I scan a lot of blogs. I try to read perspectives from all sides of the adoption triad. I try to understand, I try to learn, I try to apply. But I have learned that I need to step back, to not read those blogs very often, and to have very thick skin. If I did not, here are some of the views that would seep into my personality and affect how I interact with the world, namely, my daughters:
Adoptive parents are thiefs.
Adoptive parents do not care about the children, they are just selfish and feel they are owed a child.
Adoptive parents are ruining their adopted children’s lives.
Adopted children will walk around angry with the world at all times.
It is impossible for an adoptive person to acknowledge and cope with the pain of their separation from their first parents.
No matter what I call first parents, it is the wrong thing.
All first parents had their child stolen from them by a totally corrupt system.
That I cannot mention to my children that God had a hand in their adoption because that would give them a warped sense of God.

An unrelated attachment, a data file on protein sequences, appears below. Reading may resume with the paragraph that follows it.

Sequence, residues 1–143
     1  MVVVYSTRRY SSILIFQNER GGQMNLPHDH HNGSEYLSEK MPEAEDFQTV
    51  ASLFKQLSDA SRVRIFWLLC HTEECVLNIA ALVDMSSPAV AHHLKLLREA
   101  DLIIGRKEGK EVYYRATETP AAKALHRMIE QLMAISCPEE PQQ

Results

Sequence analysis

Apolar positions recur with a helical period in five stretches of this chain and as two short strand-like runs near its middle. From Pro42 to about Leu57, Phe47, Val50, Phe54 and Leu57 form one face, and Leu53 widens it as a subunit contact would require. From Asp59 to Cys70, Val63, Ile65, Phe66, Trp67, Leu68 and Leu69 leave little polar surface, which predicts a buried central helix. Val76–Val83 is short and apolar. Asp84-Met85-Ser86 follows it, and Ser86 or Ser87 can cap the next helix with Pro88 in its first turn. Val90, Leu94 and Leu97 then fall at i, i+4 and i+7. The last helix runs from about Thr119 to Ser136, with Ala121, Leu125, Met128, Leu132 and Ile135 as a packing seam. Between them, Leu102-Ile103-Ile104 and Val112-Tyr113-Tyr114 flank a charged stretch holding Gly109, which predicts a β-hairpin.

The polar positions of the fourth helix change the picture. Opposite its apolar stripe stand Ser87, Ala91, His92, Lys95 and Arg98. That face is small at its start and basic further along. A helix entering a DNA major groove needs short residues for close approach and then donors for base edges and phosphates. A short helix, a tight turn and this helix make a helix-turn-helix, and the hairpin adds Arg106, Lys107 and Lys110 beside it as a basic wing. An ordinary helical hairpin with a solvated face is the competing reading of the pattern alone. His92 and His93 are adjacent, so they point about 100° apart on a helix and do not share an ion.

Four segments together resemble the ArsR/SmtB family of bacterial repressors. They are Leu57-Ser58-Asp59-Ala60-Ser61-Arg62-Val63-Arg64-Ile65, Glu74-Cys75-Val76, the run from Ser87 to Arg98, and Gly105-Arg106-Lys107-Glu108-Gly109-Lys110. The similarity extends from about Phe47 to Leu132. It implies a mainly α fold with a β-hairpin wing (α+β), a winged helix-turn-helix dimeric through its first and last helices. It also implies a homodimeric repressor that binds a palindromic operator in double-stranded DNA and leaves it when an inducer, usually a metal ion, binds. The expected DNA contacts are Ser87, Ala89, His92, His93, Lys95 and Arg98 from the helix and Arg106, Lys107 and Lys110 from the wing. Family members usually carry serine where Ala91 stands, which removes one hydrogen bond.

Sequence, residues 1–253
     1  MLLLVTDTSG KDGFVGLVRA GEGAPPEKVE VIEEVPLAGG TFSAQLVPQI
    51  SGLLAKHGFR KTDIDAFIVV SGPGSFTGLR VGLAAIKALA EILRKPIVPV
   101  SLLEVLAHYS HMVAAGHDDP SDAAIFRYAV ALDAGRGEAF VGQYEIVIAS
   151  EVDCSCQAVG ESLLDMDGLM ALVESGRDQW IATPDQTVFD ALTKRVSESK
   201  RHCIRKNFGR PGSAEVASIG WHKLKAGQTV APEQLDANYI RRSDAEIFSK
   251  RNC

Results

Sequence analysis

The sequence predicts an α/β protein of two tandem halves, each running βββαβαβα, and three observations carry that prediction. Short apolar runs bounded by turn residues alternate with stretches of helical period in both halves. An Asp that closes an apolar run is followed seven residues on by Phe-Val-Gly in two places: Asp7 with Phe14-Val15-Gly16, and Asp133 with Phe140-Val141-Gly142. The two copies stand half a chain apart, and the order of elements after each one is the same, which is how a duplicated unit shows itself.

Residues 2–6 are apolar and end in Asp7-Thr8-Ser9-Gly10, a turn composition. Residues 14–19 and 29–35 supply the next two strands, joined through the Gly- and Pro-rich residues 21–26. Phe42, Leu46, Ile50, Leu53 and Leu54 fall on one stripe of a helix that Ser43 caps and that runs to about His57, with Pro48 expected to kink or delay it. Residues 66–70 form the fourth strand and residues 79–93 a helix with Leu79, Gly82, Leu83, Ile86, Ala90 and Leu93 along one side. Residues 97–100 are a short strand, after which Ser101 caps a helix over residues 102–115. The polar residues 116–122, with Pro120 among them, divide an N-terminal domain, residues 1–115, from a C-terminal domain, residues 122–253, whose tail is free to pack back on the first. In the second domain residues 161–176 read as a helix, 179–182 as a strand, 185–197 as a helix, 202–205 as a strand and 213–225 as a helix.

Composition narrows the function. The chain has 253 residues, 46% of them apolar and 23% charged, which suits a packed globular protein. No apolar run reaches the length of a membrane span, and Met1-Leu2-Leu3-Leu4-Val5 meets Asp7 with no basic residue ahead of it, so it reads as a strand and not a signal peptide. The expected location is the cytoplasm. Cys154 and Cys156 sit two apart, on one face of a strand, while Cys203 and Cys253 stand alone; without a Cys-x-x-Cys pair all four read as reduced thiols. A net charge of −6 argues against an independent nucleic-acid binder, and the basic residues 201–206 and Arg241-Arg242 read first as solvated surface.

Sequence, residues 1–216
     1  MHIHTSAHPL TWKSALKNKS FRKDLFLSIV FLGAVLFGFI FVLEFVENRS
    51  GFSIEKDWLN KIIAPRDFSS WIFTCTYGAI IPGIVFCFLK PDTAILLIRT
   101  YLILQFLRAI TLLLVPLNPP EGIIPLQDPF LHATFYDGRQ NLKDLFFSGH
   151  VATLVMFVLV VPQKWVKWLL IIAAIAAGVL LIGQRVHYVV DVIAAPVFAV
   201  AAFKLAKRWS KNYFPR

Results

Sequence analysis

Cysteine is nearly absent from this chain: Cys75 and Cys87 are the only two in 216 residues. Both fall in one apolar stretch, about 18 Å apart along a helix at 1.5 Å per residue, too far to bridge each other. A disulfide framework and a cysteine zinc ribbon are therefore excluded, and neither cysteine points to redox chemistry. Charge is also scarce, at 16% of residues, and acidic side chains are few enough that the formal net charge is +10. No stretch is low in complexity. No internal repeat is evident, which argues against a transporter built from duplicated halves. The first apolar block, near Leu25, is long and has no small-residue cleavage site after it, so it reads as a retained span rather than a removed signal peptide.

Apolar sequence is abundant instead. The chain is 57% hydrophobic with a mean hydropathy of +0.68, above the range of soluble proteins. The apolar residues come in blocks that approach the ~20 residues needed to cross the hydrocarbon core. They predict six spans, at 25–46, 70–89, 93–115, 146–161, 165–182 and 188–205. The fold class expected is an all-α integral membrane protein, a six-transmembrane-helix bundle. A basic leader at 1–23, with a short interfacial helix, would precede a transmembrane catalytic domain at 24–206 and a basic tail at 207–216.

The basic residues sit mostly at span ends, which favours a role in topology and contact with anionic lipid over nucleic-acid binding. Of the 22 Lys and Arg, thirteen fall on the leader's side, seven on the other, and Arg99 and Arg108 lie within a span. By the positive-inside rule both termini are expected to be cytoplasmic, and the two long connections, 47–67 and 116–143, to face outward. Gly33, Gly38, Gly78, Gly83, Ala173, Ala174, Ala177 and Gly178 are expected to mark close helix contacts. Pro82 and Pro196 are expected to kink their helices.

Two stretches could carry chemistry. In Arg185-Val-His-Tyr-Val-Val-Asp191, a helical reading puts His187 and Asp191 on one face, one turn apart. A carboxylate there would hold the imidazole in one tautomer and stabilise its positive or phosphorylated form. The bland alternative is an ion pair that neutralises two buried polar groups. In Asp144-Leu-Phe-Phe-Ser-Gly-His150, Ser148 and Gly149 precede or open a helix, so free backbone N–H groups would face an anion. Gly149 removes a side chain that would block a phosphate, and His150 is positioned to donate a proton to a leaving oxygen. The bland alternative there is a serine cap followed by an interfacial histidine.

The list goes on and on. It is overwhelming to read. There are blogs out there that complain because people have labeled them “angry” – but when that is the only emotion that is presented to the public on the web…..
I brought up the emotions that roil in me as I read these blogs to an online friend of mine. She reminded me that the “happy” ones, the ones that have found a balance in their lives, are not going to be the ones who post – they are too busy living their lives. Balance – that is a good word for what parenting an adoptive, transracial child is all about. It is also what is missing from all these blogs I read. The balance that while there is a lot of hardship, a lot of pain, a lot of corruption, there is also a lot of good. There are still smiles, there is still laughter. What I hope to teach my children is that there truly is a balance. There have been so many cliches about taking the good with the bad, the silver lining in every cloud, not enjoying laughter unless you have tasted the tears – they go on an on. But ultimately it comes back to the Yin/Yang philosophy of their birth culture – a balance.
I will be writing about how I am addressing each of these issues in my conversations with the girls. This is as much an exercise in making sure my thoughts are clear before I continue to share them with the girls as it is sharing my thoughts with anyone. It is my exercise in balance – to pull the anger and pain towards me without letting it consume me. I just hope that as I walk this tight-rope of parenting that I can find my balance and guide my girls to find theirs.